Posts: 2,239
Default

All great responses! Linville gorge sounds good if it's mild weather with elevations between 1000 and 4000. Like the idea of a coastal trail but want to do at least a week. I know Francis Marion like the back of my hand and will break in the pack there on a weekend trip but want to get out of town for a longer trip. I don't think I want a bigger pack because I have light gear and don't want to haul to much stuff also don't want to camp extreme cold conditions. My bag is only a 20 degree and have a liner but with pad and minimalist tent sleeps good below freezing but not in teens and wind.
bikem is offline  
Old 12-18-2013, 02:46 PM
  #15  
Senior MemberCaptains Club Member
Thread Starter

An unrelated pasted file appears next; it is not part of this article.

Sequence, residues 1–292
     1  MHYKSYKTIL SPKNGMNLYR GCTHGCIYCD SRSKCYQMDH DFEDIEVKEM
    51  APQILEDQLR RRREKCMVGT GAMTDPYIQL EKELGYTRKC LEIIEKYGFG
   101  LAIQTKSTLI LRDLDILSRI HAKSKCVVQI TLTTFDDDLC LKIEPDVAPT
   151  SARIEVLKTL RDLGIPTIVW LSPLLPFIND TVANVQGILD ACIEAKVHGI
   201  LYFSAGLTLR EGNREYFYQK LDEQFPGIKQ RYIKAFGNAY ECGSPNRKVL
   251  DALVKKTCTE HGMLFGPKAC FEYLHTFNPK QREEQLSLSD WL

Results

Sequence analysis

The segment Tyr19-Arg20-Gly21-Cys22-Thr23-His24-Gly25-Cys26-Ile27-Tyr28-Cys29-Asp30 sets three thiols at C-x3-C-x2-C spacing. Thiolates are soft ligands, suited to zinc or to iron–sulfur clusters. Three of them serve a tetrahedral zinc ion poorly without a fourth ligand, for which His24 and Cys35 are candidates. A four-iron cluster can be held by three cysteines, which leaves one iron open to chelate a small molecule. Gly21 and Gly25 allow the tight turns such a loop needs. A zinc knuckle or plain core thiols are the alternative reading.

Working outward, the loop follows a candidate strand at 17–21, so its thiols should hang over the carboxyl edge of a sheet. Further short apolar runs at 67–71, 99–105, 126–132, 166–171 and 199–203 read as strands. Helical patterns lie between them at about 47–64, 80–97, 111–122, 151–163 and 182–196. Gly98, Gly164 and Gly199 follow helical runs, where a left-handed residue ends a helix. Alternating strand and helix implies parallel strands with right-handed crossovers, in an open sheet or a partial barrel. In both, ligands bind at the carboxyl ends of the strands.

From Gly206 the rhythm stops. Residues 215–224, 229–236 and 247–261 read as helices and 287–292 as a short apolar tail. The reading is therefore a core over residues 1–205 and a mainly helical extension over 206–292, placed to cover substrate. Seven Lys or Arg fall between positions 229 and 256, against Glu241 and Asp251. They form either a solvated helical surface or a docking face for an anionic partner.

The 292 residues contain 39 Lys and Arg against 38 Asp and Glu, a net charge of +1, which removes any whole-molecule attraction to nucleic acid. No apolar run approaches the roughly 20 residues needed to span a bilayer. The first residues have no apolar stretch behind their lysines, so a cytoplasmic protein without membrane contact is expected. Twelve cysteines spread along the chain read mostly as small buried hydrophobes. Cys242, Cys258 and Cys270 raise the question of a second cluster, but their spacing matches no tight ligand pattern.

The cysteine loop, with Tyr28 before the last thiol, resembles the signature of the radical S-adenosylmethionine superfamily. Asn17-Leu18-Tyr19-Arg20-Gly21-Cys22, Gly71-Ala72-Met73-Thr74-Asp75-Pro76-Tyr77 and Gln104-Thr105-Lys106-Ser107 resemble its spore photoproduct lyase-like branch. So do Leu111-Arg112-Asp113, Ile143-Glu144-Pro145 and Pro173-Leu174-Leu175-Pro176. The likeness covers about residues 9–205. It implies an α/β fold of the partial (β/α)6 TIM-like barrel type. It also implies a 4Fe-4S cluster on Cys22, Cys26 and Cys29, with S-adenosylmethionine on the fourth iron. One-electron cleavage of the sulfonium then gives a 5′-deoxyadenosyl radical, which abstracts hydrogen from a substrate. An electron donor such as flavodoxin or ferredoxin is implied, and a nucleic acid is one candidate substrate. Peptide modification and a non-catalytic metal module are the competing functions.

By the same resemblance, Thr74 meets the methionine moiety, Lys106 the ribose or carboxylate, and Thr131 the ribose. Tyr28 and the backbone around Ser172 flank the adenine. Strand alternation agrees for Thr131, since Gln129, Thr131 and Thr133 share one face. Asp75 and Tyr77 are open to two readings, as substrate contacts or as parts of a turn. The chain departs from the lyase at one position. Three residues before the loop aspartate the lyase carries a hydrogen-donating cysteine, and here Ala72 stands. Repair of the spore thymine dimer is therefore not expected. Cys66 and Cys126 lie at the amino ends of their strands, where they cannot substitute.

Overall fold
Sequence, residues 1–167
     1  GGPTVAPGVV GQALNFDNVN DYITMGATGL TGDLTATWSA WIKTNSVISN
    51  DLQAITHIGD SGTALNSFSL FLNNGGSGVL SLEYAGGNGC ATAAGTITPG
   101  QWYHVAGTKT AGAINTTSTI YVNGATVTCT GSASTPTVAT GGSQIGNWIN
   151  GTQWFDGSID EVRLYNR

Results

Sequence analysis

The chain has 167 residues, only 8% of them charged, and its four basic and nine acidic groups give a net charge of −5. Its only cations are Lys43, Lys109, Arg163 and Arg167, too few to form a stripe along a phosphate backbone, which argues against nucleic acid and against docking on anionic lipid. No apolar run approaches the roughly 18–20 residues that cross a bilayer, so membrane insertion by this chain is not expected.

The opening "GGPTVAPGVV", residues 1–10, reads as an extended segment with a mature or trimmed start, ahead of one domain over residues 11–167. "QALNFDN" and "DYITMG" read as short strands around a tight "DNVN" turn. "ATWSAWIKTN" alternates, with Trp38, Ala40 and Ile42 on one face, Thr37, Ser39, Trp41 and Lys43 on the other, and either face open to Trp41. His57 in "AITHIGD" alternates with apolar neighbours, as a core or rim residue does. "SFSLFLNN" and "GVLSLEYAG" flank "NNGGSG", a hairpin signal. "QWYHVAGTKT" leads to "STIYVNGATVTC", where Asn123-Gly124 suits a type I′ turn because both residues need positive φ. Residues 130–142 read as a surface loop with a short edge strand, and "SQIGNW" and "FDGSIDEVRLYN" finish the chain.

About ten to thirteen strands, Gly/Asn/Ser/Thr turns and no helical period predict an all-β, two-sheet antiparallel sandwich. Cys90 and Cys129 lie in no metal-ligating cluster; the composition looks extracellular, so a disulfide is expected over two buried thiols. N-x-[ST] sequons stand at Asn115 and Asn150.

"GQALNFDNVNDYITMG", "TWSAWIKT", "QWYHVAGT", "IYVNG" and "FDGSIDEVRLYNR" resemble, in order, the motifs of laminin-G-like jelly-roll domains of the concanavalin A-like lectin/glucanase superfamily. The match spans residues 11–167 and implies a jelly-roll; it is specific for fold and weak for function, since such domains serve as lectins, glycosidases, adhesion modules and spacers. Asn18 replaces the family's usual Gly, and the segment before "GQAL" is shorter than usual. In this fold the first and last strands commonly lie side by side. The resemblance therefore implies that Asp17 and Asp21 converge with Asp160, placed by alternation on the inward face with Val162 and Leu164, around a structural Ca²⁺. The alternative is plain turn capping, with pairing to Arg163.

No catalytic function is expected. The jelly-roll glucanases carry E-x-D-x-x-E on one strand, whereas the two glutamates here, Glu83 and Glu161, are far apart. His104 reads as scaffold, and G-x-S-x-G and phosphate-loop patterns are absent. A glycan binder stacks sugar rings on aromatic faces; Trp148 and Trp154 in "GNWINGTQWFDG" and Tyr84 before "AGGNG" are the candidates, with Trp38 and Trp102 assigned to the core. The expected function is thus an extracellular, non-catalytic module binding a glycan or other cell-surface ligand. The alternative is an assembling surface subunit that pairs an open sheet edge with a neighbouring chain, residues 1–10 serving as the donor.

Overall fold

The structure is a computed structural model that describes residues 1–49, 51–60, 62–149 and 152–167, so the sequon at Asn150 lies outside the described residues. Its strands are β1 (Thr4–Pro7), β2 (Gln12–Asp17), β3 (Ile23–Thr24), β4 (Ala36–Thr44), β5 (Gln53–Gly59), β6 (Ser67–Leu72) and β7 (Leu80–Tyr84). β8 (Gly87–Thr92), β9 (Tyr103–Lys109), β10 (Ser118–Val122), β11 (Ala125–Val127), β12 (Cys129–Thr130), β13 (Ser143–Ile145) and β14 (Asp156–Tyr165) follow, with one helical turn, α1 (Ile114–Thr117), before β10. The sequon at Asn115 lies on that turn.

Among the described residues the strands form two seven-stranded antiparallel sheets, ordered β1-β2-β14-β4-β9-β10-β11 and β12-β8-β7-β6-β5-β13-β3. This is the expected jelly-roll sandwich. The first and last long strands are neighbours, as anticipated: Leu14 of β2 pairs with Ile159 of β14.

Join Date: Nov 2007
Location: Charleston SC
Posts: 2,239
Default

Originally Posted by clink View Post
http://www.foothillstrail.org/index....trail-overview

I hiked some of the foothills trail while at Clemson. Its nice and not to far of a ride from your location. Pick a good weather window and it shouldn't be to bad.
Thanks for the link. That might be a good one to start with and perfect for 7-10 days. Plus my son goes to Clemson. Maybe he could bring me a 12 pack at some point.
bikem is offline  
Old 12-18-2013, 02:58 PM
  #16  
Senior Member
 
Join Date: Nov 2012
Posts: 404
Default

There was a local guy Ed Kuni ,he hiked a Appalachin trail many times,even in his 70s.Belive he wrote some books about it. I joined a hiking club we go once a week,some tough 10 to 15 mile mountainous hikes. If ever in Beacon NY try breakneck ridge overlooking Hudson river. Ages of hikers in our group are twentys to upper 70s,you wouldn't believe how good of shape the older hikers are in. Seems like it keeps them young and in great shape.Some of the older hikers hike Mt Washington and other countries steep mountains Swisterland ect. I would like to hike the AT one day,they say before your out of Georgia your down to your hiking weight.